Using Nuclear Techniques to Understand Ocean Acidification
Nuclear and isotopic techniques allow scientists to look into the past and follow trends in ocean acidification that occurred several decades or even millennia ago. (Photo: IAEA Environment Laboratories, Monaco)
- Story Resources
- The Other CO2 Problem - IAEA Highlights Ocean Acidification at Climate Change Conference, 18 November 2013
- Ocean Acidification International Coordination Centre
- Environment Laboratories, Monaco
- The Blue Planet - Nuclear Applications for a Sustainable Marine Environment, Scientific Forum, 17-18 September 2013
- 20 Facts About Ocean Acidification
- Hot, Sour and Breathless - Ocean Under Stress
Ocean acidification refers to a series of chemical changes in the ocean. Ocean water will become "corrosive" to organisms forming calcium-containing shells or skeletons (such as oysters, mussels and corals), and impair other biological processes, with potential ripple effects through marine ecosystems. The negative effects of ocean acidification have already been seen in oyster hatcheries on the west coast of the United States, where production was significantly reduced threatening a multi-million US$ industry and thousands of jobs.
Nuclear and Isotopic Techniques in Ocean Acidification Research
Past Changes in Ocean Chemistry: Scientists study of the natural radionuclides in coral, seabed sediment and ice cores, which are "environmental archives". This nuclear technique can precisely date and thus map developments in the past. Scientists are able to look into the past and follow trends in ocean acidification that occurred several decades or even millennia ago.
Fossilized marine microorganisms buried in the sediments on the ocean floor or the skeletons of long-lived corals provide a record of acidification. During their lifetime, these organisms formed shells or skeletons whose calcium content depends upon seawater chemistry, or pH, of that time. They incorporated certain chemical compounds into their shells or skeletons, whose presence and quantity depended on the pH of the ocean water at that time. One such compound is boron. Boron has two isotopes, 11B and 10B, and the relative amount of these isotopes incorporated into the shells is dependent on the pH (i.e. acidity) of seawater. The amount of boron found in shells or skeletons offers an indirect measurement of the ocean water's pH many thousands of years ago. The information provided by such registered data is not only useful to find out whether ocean acidification happened in the past, but also crucial to test and build models to project future acidification scenarios.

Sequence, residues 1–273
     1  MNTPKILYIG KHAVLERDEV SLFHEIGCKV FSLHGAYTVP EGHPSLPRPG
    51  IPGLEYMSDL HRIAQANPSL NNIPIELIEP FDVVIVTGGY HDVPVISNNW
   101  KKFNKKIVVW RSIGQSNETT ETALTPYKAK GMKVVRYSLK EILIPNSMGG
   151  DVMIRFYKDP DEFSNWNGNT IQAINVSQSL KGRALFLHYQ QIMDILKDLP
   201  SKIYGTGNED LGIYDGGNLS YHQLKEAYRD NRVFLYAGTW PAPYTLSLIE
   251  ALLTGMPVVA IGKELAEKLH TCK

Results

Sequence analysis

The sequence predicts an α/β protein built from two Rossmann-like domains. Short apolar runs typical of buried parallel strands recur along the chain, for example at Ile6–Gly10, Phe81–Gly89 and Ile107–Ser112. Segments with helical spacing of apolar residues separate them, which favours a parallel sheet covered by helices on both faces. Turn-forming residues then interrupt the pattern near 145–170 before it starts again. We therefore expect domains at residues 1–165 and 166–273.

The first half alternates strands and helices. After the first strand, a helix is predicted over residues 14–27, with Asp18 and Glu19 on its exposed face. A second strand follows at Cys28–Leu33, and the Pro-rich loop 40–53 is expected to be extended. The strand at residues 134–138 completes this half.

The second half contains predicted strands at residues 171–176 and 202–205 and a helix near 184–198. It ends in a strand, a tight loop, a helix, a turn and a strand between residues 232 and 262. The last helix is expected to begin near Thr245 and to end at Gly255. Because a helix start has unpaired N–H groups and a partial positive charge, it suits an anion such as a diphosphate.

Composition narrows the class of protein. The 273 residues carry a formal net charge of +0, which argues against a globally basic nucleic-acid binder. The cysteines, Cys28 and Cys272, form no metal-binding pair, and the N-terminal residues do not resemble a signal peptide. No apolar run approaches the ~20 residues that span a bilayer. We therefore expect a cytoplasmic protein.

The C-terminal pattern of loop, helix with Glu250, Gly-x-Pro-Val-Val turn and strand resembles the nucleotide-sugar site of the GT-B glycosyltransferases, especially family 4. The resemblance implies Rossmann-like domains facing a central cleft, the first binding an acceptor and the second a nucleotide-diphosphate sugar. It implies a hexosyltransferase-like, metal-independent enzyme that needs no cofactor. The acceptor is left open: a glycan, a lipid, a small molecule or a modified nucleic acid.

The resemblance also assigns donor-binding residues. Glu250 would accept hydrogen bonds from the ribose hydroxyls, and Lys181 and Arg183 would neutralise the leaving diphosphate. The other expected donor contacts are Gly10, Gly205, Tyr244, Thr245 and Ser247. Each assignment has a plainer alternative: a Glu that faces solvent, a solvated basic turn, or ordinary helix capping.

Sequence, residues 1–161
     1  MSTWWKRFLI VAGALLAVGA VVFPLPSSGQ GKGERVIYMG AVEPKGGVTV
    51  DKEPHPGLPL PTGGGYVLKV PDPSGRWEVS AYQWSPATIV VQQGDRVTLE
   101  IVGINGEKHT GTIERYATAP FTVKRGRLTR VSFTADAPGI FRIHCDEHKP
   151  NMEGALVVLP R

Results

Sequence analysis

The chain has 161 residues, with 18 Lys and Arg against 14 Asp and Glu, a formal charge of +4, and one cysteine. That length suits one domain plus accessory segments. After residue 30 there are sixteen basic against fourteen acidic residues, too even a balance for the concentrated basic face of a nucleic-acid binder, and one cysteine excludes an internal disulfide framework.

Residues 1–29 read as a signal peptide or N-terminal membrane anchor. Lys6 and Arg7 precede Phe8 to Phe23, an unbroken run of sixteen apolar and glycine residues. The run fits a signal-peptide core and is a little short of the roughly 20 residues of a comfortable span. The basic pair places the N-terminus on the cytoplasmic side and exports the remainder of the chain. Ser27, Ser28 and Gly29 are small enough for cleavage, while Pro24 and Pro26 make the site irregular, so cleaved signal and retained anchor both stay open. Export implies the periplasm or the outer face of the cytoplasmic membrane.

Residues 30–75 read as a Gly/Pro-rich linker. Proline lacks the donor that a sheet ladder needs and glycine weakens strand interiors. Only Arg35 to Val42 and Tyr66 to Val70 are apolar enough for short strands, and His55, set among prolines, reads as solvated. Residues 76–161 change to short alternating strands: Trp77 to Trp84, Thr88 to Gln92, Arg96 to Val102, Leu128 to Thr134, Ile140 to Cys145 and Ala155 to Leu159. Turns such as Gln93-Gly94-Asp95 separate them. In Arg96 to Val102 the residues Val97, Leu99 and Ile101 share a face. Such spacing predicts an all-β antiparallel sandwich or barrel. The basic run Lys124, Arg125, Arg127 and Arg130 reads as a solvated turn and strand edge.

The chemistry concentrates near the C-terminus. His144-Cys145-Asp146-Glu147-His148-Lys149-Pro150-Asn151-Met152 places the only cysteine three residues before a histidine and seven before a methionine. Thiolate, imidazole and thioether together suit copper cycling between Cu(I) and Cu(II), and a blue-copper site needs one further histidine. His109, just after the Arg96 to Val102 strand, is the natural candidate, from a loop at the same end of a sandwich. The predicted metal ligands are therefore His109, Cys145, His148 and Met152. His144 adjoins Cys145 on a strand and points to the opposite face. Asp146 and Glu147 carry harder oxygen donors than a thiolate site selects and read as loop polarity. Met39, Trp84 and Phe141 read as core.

Impact of Ocean Acidification on Seafood Security: About one billion people rely on seafood as primary source of animal protein. Radio-tracer experiments can help us to understand how marine organisms might respond to future ocean acidification. Biological processes such as primary production, growth and calcification can be measured using isotopic techniques. The information provided can be used to estimate the impact of ocean acidification on key commercial species and help evaluating risks for the environment and for society, e.g. implications for shellfish production and ultimately seafood security.
Impact of Ocean Acidification on Seafood Safety: Nuclear and isotopic techniques can be used to detect and monitor biotoxins produced by harmful algal blooms (via a "radio-ligand receptor binding assay", RBA), accumulating in coastal areas and in seafood. It is believed that ocean acidification in combination with other environmental stressors (e.g. global warming) will increase the frequency and severity of harmful algal blooms. In addition, future changes in carbonate chemistry and pH are expected to alter the availability and uptake of toxic heavy metals in marine organisms. Radioisotopes can be used to study the toxicity of these elements in marine organisms.
IAEA's Work on Ocean Acidification
The IAEA Environment Laboratories in Monaco support the IAEA Member States in their use of nuclear and isotopic techniques to increase their understanding of the marine carbon cycle and the effects of ocean acidification on marine organisms. In addition, the IAEA is involved in several projects investigating the economic consequences of ocean acidification.
The Monaco Laboratories also operate the Ocean Acidification International Coordination Centre (OA-ICC), a project launched at Rio+20 in response to recommendations from the scientific community and to the growing concern of IAEA Member States. The project works to communicate, promote and facilitate a series of international ocean acidification activities, such as the establishment of an international observing network, collaboration between natural and social sciences, fellowships, definition of best practices, bibliographic database, data management, capacity building and communication. It serves the scientific community as well as science users (policy makers, the general public, media and other stakeholders).
The OA-ICC is supported by the IAEA Peaceful Uses Initiative (PUI), and by several Member States and research projects on ocean acidification. An Advisory Board of key international institutions and leading scientists in the field provides feedback to the project.
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